Job role of an in-house Counsel in insurance Companies
• Vetting selected documents referred to the department.
• Preparation of standard documentation.
• Liaising with external legal counsels.
• New products/services to be offered: Starting from the aspect of board proposal, to the point of inking the deal and kicking off the new business.
• Keep a check on pan-company activity.
• Ensuring legal compliance of day-to-day operations with various legal and regulatory regimes.
• Facilitate legal compliance and documentation for cross-border acquisitions, investments, deals, etc.
• Liaise with external legal counsels of foreign jurisdictions to ensure that its operations do not contravene/violate relevant laws.
• Determining the tax liability on a proposed incentive/ benefit given to employees.
• Advising the HR Department regarding compliance of labour laws like contract labour, disciplinary action against certain employees.
• Protecting employees from frivolous criminal complaints.
• Protecting the company’s IPR and domain names globally.
Advising the management to make strategic decisions based on a commercial understanding and thorough legal analysis.
Have an eye for finance and book-keeping
In private sector banks, recruitment to the law department is subject to each bank’s policies and procedures. Some private banks also go in for campus recruitments. While a law officer in a private sector bank may get much better operational freedom, a wider canvas and a variety of matters to deal with, he/she will never be considered in the ‘general cadre’.
Therefore, those who aspire to become an in-house counsel in a bank should take banking and its operations as a special subject and should have an elementary knowledge of finance and bookkeeping. They can also get a certificate course in these areas.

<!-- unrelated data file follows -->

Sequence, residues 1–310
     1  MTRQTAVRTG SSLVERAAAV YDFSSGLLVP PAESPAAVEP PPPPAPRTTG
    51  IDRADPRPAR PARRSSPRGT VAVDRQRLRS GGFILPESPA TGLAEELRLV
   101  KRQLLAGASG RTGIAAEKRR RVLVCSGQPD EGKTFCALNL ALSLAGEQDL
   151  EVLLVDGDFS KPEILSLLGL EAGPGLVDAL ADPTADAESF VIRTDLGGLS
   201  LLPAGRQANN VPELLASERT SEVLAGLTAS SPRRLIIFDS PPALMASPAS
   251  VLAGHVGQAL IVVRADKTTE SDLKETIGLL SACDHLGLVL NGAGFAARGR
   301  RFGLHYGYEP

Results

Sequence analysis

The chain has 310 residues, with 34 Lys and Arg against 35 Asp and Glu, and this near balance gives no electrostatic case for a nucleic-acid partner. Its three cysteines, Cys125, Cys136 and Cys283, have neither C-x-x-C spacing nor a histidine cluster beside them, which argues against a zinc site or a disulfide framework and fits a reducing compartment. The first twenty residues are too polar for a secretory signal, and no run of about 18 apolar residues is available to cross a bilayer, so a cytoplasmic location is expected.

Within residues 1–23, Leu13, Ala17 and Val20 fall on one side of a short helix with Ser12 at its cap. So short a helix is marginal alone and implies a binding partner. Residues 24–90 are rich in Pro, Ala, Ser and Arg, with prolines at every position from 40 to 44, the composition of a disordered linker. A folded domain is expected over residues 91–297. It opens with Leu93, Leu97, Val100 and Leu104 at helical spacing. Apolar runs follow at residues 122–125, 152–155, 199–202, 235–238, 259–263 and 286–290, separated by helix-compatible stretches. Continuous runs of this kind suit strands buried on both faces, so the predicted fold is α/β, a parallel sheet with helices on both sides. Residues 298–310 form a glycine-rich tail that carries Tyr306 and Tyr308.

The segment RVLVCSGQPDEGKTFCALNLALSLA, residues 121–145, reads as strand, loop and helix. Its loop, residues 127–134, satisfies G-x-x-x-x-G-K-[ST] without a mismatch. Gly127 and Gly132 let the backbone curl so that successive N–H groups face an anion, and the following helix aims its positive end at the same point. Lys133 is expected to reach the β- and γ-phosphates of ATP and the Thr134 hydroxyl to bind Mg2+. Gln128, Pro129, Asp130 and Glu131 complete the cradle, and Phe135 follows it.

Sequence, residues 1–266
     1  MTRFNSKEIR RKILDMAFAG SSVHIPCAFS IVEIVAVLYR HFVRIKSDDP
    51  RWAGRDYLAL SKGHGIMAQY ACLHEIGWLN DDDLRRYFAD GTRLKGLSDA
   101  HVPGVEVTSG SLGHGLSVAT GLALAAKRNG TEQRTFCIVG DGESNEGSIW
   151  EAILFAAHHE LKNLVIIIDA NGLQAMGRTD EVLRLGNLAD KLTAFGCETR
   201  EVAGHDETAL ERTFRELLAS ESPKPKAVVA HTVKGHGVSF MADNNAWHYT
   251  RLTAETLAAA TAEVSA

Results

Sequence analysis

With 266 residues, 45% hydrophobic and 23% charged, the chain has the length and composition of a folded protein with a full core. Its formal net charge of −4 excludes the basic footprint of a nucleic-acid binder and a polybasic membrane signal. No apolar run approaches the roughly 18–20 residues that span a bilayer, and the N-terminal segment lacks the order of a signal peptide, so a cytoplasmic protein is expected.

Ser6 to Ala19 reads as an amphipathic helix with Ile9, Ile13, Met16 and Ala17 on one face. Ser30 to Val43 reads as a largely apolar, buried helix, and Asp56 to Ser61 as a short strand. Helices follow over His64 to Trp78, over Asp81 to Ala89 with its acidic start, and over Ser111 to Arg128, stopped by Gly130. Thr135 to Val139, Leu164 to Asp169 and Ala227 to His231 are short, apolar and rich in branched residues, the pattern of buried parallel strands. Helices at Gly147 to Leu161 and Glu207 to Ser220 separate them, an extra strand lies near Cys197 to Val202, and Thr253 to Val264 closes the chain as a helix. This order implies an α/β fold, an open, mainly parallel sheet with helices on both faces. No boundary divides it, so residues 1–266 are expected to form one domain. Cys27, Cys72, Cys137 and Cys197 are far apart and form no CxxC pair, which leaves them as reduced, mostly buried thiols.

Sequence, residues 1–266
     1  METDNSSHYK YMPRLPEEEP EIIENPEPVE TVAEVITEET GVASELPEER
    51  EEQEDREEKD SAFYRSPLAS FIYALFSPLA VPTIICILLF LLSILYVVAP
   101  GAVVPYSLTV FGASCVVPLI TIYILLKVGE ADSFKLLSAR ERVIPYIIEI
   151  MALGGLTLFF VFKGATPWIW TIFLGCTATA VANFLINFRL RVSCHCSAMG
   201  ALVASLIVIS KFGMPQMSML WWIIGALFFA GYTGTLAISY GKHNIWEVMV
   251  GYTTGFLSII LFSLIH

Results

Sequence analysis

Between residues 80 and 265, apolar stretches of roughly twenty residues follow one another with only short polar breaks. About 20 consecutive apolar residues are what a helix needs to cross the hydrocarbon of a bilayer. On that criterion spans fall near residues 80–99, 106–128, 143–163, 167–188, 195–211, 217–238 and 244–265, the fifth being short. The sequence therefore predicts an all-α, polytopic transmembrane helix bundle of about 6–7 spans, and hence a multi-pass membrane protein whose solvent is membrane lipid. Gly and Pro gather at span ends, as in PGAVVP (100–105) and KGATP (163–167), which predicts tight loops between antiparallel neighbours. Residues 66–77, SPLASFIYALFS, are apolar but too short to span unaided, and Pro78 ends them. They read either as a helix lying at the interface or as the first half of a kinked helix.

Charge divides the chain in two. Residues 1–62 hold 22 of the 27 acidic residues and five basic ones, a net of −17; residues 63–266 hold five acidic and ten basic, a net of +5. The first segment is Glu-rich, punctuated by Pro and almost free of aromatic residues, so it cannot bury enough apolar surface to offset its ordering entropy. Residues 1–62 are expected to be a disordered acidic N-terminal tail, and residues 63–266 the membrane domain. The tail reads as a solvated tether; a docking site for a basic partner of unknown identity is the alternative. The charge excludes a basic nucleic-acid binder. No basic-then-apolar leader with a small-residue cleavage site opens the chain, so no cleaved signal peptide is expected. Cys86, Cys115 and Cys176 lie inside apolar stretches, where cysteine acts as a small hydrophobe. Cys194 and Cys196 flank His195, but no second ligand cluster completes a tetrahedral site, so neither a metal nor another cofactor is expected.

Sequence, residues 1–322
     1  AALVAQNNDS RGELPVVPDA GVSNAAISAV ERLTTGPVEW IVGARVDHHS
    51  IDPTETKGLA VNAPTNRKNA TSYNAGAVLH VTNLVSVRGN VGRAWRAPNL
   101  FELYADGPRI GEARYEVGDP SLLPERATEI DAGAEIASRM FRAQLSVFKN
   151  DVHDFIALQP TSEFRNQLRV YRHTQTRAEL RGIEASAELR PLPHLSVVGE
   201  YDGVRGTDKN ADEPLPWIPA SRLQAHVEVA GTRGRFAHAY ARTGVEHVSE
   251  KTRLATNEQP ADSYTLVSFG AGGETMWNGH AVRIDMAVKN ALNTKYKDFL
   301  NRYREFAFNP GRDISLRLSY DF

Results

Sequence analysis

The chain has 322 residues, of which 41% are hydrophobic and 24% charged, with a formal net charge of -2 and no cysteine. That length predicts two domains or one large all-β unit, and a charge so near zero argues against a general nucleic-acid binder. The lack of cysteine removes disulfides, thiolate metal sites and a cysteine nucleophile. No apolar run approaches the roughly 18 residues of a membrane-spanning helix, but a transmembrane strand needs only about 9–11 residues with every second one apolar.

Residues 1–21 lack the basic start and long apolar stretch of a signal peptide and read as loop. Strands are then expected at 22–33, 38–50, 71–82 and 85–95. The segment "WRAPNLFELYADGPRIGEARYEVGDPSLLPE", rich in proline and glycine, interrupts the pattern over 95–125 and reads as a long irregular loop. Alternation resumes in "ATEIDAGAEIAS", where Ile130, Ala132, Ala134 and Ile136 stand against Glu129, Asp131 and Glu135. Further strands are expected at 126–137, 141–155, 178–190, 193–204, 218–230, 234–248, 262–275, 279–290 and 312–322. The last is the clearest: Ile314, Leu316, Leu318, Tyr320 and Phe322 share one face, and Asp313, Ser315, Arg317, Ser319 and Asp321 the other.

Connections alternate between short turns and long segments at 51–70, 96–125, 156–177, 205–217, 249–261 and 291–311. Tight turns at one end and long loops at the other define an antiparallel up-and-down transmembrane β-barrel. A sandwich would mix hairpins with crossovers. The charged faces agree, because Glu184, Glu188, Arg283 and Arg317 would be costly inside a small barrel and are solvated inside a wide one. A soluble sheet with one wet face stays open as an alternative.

Job role of an in-house lawyer in bank
• Advising business departments on security creation for loans and advances, verifying title of property based on lawyers’ report.
• Vetting documents of property acquisitions and leased properties of the bank
• Advising on claims/litigations by customers or other parties against the bank
• Delving into the commercial understanding as well as legal technicalities of new age products like sale of NPAs, structured deposits, derivatives, etc.
• Keeping abreast of and advising the management of various capital market regulations as banks are becoming increasingly exposed to capital markets.
• Ensuring that new products and processes of the bank are in compliance with RBI directives/banking norms.
• Appraising various departments of the bank about the risks associated while dealing with governmental entities or acting on behalf of governmental entities.
• Liaising with external legal counsels/law firms in foreign jurisdictions for raising capital in foreign markets
Be on your toes
In some companies, the law officer is also entrusted with the work of compliance. In order to achieve the same, one should not only have the basic knowledge of regulations, but should also keep himself abreast of the changes happening in the field. Similarly, there is another career avenue as in-house counsel in insurance companies. Aspiring candidates need to have a special knowledge of insurance laws and regulations. There is a lot of scope in this area for young law graduates. All said and done, studying law now opens up more career avenues than perceived.